Chinese study suggests that alcohol increases angiographically significant coronary artery disease

Among a large number of Chinese men presenting with chest pain or EKG changes, sequential subjects undergoing cardiac angiography were evaluated for obstructive coronary artery disease (CAD) lesions according to their reported recent alcohol intake. The study population consisted of 1,476 consecutive men 36 to 84 years of age; participants were categorized as nondrinkers, light drinkers, moderate drinkers, or heavy drinkers.

Adjusted odds ratios for angiographically proved CAD for light, moderate, and heavy drinking were 1.16 (95% confidence interval 0.68 to 1.94), 1.78 (1.35 to 2.27), and 2.18 (1.46 to 3.25). Compared to non-drinking, adjusted odds ratios were 1.03 (0.54 to 1.87) for drinking 0 to 15 years, 1.61 (1.28 to 2.14) for 16 to 30 years, and 1.98 (1.23 to 3.05) for >30 years. The authors concluded that moderate-to-heavy alcohol consumption increased the risk of CAD in Chinese men. CAD risk tended to increase with an increase in frequency and duration of drinking.

This was a very select group of patients (those presenting with chest pain or EKG changes), and not typical of the Chinese population. No information was available on drinking patterns or on previous alcohol intake. Further, a recent large population-based study from mainland China showed that consumers of alcohol were less likely to develop coronary disease, results similar to those in most Western populations. It is not possible from the present study to say that the association of alcohol intake with CAD is different between Chinese and Western populations, as the present study gives results only for a very select group of patients.

The most important outcome regarding CAD is the occurrence of clinical events (myocardial infarction, cardiac death, etc.). The detection of such events requires long-term follow-up studies to be able to judge the overall effects of alcohol drinking on CAD.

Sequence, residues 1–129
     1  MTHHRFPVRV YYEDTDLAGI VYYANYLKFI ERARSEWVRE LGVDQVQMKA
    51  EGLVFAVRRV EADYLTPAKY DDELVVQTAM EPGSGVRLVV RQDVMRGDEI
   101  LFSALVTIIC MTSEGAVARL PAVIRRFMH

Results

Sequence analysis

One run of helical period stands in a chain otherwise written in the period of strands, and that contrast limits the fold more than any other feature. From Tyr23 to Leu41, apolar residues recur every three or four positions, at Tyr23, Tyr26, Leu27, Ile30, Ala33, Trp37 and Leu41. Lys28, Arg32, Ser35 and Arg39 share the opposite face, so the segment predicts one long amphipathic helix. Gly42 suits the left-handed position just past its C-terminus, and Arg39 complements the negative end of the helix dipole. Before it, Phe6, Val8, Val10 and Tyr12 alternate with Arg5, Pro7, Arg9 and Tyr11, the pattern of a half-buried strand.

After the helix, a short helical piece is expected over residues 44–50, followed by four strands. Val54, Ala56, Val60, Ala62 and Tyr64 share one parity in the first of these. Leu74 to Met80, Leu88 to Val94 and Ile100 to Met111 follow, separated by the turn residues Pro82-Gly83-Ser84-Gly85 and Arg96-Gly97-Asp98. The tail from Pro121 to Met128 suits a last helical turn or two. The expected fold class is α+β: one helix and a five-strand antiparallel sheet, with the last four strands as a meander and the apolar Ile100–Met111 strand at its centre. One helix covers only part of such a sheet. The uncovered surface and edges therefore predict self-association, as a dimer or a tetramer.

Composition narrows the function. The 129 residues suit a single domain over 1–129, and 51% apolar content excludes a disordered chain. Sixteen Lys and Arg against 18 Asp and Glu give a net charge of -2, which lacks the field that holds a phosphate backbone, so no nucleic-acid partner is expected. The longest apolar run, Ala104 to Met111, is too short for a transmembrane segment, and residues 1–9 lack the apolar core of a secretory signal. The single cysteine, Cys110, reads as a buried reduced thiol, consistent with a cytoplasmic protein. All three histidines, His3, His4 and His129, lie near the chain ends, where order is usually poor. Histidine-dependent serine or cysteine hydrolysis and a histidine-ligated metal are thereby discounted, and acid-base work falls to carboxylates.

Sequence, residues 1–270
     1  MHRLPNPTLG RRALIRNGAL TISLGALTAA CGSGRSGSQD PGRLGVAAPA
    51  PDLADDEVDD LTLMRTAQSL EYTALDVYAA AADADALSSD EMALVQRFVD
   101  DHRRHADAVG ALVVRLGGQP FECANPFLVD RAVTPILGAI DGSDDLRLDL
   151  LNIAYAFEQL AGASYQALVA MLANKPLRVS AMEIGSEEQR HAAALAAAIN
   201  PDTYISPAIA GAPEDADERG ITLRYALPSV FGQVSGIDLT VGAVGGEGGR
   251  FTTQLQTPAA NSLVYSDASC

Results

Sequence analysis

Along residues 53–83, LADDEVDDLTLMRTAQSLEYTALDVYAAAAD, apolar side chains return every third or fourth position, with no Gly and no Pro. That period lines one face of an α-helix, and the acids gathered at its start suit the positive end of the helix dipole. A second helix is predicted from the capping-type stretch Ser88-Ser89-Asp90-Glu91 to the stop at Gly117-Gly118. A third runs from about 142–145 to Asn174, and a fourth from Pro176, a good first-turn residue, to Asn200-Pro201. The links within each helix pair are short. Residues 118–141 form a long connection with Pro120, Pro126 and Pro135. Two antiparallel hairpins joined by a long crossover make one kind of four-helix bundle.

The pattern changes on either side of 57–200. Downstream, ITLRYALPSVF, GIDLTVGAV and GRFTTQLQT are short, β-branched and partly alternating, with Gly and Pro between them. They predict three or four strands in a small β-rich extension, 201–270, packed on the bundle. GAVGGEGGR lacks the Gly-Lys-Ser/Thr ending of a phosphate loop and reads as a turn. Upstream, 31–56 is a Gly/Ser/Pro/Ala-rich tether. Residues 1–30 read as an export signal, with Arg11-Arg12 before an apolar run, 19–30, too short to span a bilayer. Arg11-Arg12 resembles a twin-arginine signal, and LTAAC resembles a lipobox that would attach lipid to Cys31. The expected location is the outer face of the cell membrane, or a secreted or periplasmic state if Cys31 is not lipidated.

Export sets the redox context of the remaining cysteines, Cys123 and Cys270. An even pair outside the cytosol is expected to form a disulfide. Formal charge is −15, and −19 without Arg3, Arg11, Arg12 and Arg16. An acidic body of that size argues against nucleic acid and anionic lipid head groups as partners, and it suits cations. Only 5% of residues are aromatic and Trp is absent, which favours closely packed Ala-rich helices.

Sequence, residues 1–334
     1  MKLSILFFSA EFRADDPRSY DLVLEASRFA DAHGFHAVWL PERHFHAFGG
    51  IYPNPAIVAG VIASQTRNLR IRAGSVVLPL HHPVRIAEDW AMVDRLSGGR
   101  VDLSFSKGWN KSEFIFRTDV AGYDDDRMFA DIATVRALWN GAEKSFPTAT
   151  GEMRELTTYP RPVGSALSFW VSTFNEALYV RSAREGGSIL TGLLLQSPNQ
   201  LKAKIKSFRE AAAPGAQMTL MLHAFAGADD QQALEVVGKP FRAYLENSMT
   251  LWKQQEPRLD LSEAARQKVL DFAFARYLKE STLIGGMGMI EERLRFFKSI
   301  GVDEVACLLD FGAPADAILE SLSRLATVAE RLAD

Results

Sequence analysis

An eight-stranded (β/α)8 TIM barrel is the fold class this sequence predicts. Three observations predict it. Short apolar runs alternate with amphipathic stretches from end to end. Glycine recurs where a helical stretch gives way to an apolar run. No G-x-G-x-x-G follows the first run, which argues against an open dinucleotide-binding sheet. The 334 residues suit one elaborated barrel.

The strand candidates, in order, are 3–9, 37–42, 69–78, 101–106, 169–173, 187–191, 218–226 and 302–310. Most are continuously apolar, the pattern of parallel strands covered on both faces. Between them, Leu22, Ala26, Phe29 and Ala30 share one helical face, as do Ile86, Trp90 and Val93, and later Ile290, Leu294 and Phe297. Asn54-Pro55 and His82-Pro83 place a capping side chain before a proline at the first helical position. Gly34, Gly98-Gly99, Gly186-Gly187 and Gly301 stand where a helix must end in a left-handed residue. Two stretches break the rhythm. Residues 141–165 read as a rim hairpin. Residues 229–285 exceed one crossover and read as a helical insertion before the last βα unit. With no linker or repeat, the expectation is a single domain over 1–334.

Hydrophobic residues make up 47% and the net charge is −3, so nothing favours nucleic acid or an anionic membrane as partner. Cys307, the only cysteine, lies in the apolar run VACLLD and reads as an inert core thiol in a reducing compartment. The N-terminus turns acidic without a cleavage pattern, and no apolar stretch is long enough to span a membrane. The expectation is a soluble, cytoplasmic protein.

Reference: Zhou X, Li C, Xu W, Hong X, Chen J.

Relation of alcohol consumption to angiographically proved coronary artery disease in Chinese men. Am J Cardiol 2010;106:1101�.

To read the full critique with comments from specialists, click here:

Contributions to this critique by the International Scientific Forum on Alcohol Research were provided by the following members:

Arne Svilaas, MD, PhD

General practice and lipidology

Oslo University Hospital

Oslo, Norway

Harvey Finkel, MD Hematology/Oncology

Boston University Medical Center

Boston, MA, USA

Tedd Goldfinger, DO, FACC

Desert Cardiology of Tucson Heart Center

Dept. of Cardiology

University of Arizona School of Medicine

Tucson, Arizona, USA

Lynn Gretkowski, MD Obstetrics/Gynecology

Mountainview, CA

Stanford University

Stanford, CA, USA

Gordon Troup, MSc, DSc

School of Physics

Monash University

Victoria, Australia

David Van Velden, MD

Dept. of Pathology

Stellenbosch University

Stellenbosch, South Africa

Andrew L. Waterhouse, PhD

Marvin Sands Professor

Department of Viticulture and Enology University of California, Davis

Ian Puddey, MD

Dean, Faculty of Medicine, Dentistry & Health Sciences

University of Western Australia Nedlands, Australia

R. Curtis Ellison, MD

Section of Preventive Medicine & Epidemiology

Boston University School of Medicine Boston, MA, USA

Francesco Orlandi, MD

Dept. of Gastroenterology

Università degli Studi di Ancona


For the detailed critique of this paper by the International Scientific Forum on Alcohol Research, go to www.alcoholforum4profs.org and click on Recent Reports.

The specialists who are members of the Forum are happy to respond to questions from Health Editors regarding emerging research on alcohol and health and will offer an independent opinion in context with other research on the subject

Helena Conibear co Director

The International Scientific Forum on Alcohol Research

[email protected]

Professor R Curtis Ellison co Director

The International Scientific Forum on Alcohol Research

[email protected]


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